Intel-IrriS is a PRIMA project from Section 2 Multitopic 2020 Thematic Area 1-Water management addressing low cost, lean solutions for enhancing irrigation efficiency of small-scale farms. Intel-IrriS will provide the smallholder farmers a more efficient management of its available water by deploying of an open, low-cost and autonomous irrigation control system based on IoT and smart technologies. The irrigation process to decide/suggest how much water is needed to maintain the optimal production potential without water wasting can be adapted (i) for a particular crop, (ii) at a particular moment and (iii) for a given soil type and condition because it will be seconded by algorithms predicting the behaviour of the complex soil/plant/atmosphere system.

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Period of Implementation

Jun 1, 2021 - May 31, 2024
Total Budget

EUR 1,045,120.00



The goal of Intel-IrriS is to contribute in not only saving water but also in increasing the water usage efficiency, while taking into account the specificities of socio-economic contexts of smallholder farmers as well as current irrigation practices. Existing solutions are generally very expensive and provide raw data which are not easy to be used directly by small farmers. Therefore, Intel-IrriS main objectives are (1) to reduce the cost of smart technologies for smallholders – dividing the cost by a factor between 10 and 100, (2) to increase adoption of smart technologies by smallholders by "translating" raw data into readable information used for making decision about irrigation adjustment (reducing total amount of water through improved timing and real-time adaptation to the agro-environmental conditions) and (3) to increase on a long-term the smallholders' sustained production and income, as well as the local innovation opportunities and capacities.


Objective 1: Propose low cost but highly efficient water control systems for irrigation optimization. Objective 2: Use cutting-edge technologies to propose highly innovative systems yet simple to deploy and adapted to smallholders. Objective 3: Seamless integration into existing irrigation system and/or local customs and practices. Objective 4: Improve farmer's knowledge on water-related issues, foster local adaptation of technologies, increase local innovation capacity and facilitate technology appropriation. Objective 5: Large-scale adoption of low cost smart irrigation system by smallholders, stimulating synergies between various local actors.

Problems and Needs Analysis

According to FAO, small-scale farming has an enormous contribution to food security and to rural economy. However, smallholders usually face a number of constraints that are impeding their productivity, profitability and contribution to economic growth. Water resource is one of the major constraints and the situation is foreseen to worsen due to water shortage in relation with current excessive use and climate change. Controlled and improved irrigation can save water while maximising plant growth and yield. The usage of smart technologies and especially sensor systems – for instance soil water content and matric potential sensors – is not new in agriculture. So-called “Smart Farming Technologies (SFT) cover a range of different aspects of precision agriculture including data acquisition technologies, data analysis and evaluation technologies and precision application technologies”. When it comes to irrigation in particular, the underlying approach is to collect real-time soil conditions and to schedule irrigation when needed, possibly taking into account various data sources such as soil texture, soil chemical properties and weather data to name a few. However, existing high-end commercial systems are mostly based on very high cost professional sensor devices (usually coupled with costly soil mapping process) which dramatically limits the number of units that can be deployed. On the other hand, when adopting a low-cost design approach, one main issue is the reliability and accuracy of the collected data which is always low and can dramatically limit the efficiency of the deployed system.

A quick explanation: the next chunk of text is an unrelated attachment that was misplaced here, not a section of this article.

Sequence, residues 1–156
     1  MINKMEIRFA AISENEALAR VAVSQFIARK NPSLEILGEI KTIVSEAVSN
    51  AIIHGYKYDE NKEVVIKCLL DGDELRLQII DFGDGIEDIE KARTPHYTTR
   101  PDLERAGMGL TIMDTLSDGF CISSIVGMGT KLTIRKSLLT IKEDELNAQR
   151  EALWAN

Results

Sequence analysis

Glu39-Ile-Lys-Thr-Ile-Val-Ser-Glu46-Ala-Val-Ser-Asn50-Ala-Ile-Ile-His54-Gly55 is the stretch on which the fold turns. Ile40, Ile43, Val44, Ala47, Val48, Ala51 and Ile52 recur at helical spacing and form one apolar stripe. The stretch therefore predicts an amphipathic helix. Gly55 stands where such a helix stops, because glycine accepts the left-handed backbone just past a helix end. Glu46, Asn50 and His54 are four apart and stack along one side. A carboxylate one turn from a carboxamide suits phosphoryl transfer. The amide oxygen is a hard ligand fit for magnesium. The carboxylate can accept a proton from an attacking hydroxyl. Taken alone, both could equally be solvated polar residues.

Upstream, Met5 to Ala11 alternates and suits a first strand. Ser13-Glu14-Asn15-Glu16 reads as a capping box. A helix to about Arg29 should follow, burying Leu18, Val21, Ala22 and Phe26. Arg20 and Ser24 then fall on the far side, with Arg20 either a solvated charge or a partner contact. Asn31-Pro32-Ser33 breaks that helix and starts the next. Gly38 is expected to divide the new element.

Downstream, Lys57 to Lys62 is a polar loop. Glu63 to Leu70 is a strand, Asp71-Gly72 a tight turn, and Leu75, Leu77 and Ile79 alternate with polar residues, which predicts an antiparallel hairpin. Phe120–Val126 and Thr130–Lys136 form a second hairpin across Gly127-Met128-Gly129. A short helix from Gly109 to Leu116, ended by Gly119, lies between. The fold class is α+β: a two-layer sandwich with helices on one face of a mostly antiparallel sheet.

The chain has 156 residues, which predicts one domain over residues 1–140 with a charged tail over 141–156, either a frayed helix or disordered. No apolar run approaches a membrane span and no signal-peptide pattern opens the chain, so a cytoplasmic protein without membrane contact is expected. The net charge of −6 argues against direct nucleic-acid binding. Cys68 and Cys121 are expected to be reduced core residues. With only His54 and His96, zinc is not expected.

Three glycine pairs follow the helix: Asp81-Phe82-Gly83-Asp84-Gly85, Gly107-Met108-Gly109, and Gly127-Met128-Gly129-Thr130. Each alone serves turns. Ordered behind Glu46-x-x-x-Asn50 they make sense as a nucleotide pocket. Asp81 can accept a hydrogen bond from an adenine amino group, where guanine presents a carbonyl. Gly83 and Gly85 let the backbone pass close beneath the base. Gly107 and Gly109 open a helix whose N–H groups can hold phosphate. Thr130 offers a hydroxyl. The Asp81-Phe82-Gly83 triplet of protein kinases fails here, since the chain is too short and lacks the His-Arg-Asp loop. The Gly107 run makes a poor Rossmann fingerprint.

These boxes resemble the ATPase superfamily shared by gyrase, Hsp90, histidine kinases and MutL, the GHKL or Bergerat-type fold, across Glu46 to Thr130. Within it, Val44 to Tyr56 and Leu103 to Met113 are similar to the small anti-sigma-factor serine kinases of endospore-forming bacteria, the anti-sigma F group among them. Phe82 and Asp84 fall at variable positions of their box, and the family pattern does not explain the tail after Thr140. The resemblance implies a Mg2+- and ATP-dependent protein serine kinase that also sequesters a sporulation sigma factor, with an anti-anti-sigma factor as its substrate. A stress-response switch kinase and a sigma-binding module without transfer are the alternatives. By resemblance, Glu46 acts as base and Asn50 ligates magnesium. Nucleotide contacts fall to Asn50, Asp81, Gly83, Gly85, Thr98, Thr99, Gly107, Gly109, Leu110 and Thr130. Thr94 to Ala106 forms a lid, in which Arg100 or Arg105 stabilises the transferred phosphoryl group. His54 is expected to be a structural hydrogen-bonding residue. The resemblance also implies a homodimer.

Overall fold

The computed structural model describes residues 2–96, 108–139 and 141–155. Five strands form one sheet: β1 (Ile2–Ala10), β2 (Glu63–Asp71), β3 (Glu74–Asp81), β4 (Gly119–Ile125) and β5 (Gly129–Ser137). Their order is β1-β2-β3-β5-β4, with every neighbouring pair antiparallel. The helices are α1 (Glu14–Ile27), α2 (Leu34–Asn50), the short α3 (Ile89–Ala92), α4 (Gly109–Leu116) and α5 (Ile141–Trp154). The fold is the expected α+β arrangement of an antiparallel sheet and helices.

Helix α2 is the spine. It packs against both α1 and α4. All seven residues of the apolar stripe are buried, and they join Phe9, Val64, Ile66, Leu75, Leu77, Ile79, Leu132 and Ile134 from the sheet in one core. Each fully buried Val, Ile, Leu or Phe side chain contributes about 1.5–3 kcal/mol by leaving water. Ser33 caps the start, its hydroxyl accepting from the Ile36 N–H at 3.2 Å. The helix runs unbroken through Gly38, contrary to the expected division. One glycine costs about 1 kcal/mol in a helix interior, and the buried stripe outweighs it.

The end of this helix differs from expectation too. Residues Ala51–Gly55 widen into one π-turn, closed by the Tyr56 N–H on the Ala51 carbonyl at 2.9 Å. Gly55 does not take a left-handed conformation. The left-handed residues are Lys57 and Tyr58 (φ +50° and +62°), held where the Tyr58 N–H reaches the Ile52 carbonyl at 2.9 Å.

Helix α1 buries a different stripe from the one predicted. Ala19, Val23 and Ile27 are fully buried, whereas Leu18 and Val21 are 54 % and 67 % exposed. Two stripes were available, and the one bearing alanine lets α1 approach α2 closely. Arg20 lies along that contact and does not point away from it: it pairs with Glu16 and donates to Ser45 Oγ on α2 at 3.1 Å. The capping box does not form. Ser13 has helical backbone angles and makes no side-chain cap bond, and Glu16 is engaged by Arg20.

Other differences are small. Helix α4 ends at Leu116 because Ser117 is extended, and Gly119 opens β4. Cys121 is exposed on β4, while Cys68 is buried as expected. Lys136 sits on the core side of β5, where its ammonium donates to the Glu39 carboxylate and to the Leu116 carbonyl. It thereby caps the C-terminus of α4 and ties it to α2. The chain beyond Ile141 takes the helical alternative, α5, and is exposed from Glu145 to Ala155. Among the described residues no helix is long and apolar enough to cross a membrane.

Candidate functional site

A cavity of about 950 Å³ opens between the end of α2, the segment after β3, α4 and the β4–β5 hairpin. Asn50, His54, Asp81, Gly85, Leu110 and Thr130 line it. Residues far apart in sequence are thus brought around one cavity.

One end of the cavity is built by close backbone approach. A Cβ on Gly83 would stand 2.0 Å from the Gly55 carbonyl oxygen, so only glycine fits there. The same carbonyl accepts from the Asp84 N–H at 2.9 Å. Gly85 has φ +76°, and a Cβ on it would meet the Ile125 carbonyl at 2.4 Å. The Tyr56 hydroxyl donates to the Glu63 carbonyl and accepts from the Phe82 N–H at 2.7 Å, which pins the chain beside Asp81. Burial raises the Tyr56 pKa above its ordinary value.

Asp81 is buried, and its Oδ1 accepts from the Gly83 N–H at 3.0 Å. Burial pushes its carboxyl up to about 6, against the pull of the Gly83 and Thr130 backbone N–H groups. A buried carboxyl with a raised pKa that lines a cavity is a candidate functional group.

Intervention Strategy(ies)

Intel-IrriS will propose a low-cost water control system but will improve its efficiency. It will do so (1) by enabling deployment of several complementary low-cost sensors – and not only one costly sensor for a large area – to take into account the soil spatial and water spatial & time variability at field scale, which is made possible by the much lower cost per unit, (2) by using automatic and remotely controlled procedures for advanced calibration of the different sensors to increase accuracy of collected measures so that our water-soil-plants-climate interaction models will provide increased accuracy on recommended actions and (3) by including agricultural models/knowledge with corrective & predictive analytics – from simple computer-based decision models to more advanced AI-based processing – to adapt the applied control to local conditions & practices (dry region, open field or greenhouse) and crop/plant varieties that usually have different water need profile at their various stage of development.